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This dumpster fire has been circulating on social media:
Ah, where to begin.
First: if you spend even three seconds a day thinking about rich people, that’s three seconds too many. It never even occurs to me to dwell on the lifestyles of people who have more than I do. That’s what losers do.
(Usual caveat that should not need to be added: rich people who got that way through state favors are not included in my defense here.)
Second: hoarding cash does not “impoverish the entire nation.”
Let’s say the rich really did hoard cash (they don’t, but we’ll get to that in a minute). Their demand for money (which is a more neutral, less loaded way of describing “hoarding”) has the result of increasing the purchasing power of everyone else’s money.
If they “hoard” the money, do not enter the market with it and just roll around in it, that money is therefore not bidding up prices. So prices fall, which makes everyone else’s real incomes rise.
But of course people are not “pathologically hoarding” cash. Talk about uncomprehending. That money is saved and invested.
(Funny that the left can’t get its story straight about the rich: on the one hand, the rich are out for the highest profits they can get. On the other, they’re supposedly hoarding their cash, which means they’re foregoing whatever they might have earned by investing in stocks, bonds, etc.)
Saving and investment is what allows for capital accumulation, which is what has raised us from a primitive existence to our present condition, where we criticize capitalism on miracle machines inside air-conditioned rooms.
It is precisely by not consuming that we make provision for capital goods, which increase our standard of living. We are vastly richer because we use steam shovels instead of regular shovels, modern printing instead of a Gutenberg printing press, and trains rather than carrying goods on our backs.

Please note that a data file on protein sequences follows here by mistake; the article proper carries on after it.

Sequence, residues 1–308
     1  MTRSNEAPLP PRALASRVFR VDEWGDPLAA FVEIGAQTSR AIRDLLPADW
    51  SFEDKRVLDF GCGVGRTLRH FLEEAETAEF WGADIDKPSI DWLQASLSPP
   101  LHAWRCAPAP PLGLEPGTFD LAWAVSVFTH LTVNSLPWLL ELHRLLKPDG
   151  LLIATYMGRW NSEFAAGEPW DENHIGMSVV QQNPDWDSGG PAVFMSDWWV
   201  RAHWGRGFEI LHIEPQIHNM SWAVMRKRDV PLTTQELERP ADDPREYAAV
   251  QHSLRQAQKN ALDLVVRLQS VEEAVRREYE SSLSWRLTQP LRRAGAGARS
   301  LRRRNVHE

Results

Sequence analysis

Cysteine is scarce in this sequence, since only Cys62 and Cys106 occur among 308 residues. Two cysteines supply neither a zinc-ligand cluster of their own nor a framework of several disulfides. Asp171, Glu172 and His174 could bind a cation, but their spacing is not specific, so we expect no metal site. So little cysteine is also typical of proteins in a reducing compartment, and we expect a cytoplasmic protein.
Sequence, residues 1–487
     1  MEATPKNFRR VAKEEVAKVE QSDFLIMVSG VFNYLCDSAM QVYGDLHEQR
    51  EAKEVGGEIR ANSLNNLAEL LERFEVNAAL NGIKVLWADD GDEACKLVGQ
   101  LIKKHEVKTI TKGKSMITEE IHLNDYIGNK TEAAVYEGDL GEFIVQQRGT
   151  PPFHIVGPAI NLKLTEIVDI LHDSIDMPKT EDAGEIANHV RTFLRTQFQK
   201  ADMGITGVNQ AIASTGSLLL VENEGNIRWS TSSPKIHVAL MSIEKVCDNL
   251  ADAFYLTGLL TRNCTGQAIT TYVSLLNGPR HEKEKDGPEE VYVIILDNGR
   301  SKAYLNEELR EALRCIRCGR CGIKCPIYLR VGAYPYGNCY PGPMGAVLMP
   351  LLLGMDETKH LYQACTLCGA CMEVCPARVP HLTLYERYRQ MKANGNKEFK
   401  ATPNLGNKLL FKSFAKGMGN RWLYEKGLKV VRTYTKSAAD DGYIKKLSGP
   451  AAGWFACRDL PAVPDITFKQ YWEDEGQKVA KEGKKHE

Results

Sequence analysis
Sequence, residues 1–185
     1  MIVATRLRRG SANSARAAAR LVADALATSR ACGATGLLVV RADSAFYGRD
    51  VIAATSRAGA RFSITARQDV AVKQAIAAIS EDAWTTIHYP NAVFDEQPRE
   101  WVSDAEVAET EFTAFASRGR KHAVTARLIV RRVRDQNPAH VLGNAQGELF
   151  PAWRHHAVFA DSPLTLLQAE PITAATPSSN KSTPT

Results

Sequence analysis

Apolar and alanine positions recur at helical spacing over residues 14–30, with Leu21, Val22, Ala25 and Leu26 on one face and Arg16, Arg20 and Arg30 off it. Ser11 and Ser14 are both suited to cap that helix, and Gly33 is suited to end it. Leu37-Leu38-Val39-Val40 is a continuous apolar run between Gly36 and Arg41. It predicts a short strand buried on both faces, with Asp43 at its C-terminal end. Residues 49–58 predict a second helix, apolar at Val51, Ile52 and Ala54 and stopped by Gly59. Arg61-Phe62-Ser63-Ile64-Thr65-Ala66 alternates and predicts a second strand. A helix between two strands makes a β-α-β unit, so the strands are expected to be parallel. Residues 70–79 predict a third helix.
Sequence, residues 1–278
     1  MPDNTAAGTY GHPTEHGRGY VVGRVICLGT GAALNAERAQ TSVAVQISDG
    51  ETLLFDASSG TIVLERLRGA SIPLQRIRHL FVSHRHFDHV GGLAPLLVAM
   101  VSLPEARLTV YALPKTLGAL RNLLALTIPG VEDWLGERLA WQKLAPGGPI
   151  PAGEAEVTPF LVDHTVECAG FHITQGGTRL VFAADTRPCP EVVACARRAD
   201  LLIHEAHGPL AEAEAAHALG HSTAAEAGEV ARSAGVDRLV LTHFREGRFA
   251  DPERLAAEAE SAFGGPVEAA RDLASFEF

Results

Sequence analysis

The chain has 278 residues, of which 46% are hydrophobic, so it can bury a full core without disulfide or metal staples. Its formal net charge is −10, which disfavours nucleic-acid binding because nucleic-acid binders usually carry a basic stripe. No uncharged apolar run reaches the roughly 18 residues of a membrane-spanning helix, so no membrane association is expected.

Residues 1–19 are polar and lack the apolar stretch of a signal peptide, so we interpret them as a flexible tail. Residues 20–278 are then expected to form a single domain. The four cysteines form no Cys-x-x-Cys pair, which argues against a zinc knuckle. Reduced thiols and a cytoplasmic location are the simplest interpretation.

In an economy lacking capital goods, you can protest your employer all you like but there is zero chance you will ever, ever earn $15 per hour. The economy is not physically productive enough to generate that kind of abundance, and your unaided, bare-hands labor doesn’t produce enough to make a wage like that anything but a losing proposition.
We also need saving and investment for capital maintenance, to keep the various production processes up and running, so there are goods on the shelves for people to buy in the first place.
If all we did is consume — which memes like this seem to think is what makes the economy hum — we would revert to primitive, hand-to-mouth conditions.
It is the wicked “rich” and their saving and investing — not “hoarding,” obviously — that make our abundance possible. Labor plays an important role of its own, but labor unaided by capital equipment could perform a tiny fraction of the work that labor aided by capital goods can.
And those capital goods come from people who save and invest large amounts of money.
If someone finds that “pathological,” may I suggest that that person is not entitled to an opinion?
Now, two fun things.
First: there’s a blog and Facebook page out there called the Meme Policeman. Brilliant idea. He’s a libertarian, and he goes around correcting memes of the kind I took apart in today’s letter.
His following first took off after he got publicity and a flood of traffic from me. He now has nearly 25,000 followers.
Want my help? Costs you nothing. Before you start your site, check out my publicity page and see how I can bring eyeballs to it for you:
One last thing: my latest post is called “What to Do if You Can’t Reach Millions of People.” If you’re thinking about starting an online business or just another income stream, I have hereby saved you endless frustration and three or four atrocities by sharing what I myself do: